Representations of Disability in Young Adult Literature
Chapter 3. Awakening Stories: “The Scarlet Ibis” and The Cay
AWAKENING STORIES: “THE SCARLET IBIS” AND THE CAY
In this chapter I discuss two pieces of older fiction which were both written in the mid-20th century, won prizes, and are still read widely in schools today: “The Scarlet Ibis,” an anthologized short story by James Hurst, and The Cay, a short children’s novel by Theodore Taylor. “The Scarlet Ibis” is often taught in ninth grade and The Cay usually in fifth or other middle grades. While not in a strict category of “young adult” that requires texts be written specifically for young adults or teens, these pieces are both stories in which the adult narrator has an epiphany regarding something from his childhood. He comes to regret the way he treated someone else when he was a boy. Both pieces have a character with an impairment. In “The Scarlet Ibis” that character is the narrator’s brother, referred to as “an invalid” who was born “with a tiny body which was red and shriveled like an old man’s.” In The Cay, the narrator becomes blind when he’s hit on the head by a timber during a ship wreck but then is cured at the end of the story. To my knowledge, neither author had a disability.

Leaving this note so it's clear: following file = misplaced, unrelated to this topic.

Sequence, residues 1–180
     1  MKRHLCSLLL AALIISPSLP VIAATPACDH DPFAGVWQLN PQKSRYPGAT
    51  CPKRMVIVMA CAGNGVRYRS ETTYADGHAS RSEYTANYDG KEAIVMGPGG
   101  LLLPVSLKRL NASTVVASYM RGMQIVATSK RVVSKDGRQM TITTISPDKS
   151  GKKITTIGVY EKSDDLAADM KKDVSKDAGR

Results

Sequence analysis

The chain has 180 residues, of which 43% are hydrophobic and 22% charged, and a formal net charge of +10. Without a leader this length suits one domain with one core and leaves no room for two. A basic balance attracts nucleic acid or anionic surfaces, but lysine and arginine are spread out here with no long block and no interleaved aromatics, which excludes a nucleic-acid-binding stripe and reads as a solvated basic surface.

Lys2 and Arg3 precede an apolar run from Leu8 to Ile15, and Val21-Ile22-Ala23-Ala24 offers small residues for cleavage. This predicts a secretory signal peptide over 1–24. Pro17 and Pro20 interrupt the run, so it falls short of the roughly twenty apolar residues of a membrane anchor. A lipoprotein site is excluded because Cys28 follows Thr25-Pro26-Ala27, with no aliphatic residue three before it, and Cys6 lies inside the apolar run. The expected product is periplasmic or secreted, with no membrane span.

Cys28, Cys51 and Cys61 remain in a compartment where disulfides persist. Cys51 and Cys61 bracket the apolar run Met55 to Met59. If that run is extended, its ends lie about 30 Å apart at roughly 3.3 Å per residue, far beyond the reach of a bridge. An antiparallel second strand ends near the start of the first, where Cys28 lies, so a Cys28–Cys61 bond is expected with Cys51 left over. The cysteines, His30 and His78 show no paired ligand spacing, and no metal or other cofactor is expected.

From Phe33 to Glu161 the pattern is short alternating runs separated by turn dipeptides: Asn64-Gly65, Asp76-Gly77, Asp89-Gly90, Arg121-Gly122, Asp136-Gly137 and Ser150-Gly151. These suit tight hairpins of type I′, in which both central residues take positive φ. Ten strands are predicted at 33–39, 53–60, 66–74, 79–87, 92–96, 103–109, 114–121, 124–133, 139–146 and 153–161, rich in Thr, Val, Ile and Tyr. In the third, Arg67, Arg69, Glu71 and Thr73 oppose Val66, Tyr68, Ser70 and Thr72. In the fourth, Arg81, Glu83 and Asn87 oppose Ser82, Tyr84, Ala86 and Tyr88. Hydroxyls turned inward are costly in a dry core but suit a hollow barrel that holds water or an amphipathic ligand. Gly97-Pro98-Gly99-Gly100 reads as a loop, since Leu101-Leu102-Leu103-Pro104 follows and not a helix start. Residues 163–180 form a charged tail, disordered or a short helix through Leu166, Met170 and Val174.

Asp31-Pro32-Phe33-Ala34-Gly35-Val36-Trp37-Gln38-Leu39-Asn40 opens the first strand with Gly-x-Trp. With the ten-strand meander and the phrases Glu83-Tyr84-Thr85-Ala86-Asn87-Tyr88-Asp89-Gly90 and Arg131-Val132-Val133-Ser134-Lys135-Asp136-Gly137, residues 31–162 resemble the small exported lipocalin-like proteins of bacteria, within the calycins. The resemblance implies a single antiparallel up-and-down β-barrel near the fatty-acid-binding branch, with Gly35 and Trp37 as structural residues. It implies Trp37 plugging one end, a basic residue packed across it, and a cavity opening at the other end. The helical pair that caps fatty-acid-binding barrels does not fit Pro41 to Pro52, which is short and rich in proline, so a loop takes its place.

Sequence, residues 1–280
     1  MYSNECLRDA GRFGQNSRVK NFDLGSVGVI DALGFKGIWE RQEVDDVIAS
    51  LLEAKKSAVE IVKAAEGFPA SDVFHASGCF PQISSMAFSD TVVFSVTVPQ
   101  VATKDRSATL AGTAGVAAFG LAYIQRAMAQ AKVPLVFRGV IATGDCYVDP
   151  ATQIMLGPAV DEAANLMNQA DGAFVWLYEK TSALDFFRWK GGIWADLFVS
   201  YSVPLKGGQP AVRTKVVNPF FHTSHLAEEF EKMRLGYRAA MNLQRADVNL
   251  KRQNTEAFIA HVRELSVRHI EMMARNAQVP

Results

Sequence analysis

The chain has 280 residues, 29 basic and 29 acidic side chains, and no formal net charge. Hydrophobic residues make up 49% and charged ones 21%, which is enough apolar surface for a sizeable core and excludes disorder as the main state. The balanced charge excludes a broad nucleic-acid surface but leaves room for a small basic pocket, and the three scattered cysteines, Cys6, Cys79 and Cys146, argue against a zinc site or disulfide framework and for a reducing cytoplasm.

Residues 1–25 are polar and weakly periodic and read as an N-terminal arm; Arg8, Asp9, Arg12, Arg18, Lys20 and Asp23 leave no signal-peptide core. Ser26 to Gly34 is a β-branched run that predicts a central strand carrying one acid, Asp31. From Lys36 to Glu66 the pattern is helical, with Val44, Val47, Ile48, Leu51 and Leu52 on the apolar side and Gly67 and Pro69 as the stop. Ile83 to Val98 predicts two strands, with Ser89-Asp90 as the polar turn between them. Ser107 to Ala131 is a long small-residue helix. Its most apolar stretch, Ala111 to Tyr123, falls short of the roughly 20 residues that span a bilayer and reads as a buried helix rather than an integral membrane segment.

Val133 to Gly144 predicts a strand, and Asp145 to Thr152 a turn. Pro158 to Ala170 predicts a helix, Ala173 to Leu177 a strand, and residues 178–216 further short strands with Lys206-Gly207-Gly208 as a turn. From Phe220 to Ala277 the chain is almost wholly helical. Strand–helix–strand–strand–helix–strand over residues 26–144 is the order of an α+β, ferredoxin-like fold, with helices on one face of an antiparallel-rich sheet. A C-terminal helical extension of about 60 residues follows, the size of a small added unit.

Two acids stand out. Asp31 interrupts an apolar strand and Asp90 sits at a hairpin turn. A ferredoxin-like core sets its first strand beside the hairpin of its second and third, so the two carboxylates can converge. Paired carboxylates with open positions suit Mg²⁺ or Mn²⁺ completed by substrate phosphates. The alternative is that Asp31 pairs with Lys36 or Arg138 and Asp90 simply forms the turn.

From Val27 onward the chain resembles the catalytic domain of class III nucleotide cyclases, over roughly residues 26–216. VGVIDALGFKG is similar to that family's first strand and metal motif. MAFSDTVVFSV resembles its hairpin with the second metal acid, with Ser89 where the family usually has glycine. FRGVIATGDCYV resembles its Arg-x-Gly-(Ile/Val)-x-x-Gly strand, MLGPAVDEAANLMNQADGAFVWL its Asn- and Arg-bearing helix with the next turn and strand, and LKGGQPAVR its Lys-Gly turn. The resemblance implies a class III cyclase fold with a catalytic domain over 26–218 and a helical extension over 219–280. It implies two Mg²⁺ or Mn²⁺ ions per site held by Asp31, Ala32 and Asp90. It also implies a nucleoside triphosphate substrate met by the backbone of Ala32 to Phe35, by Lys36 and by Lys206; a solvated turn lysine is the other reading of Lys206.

Regarding these two canonical pieces, it’s important to analyze the reception documents that shape classroom discussion as well as the texts themselves. To what extent do these texts and their accompanying classroom activities challenge or cement “disabled” and...
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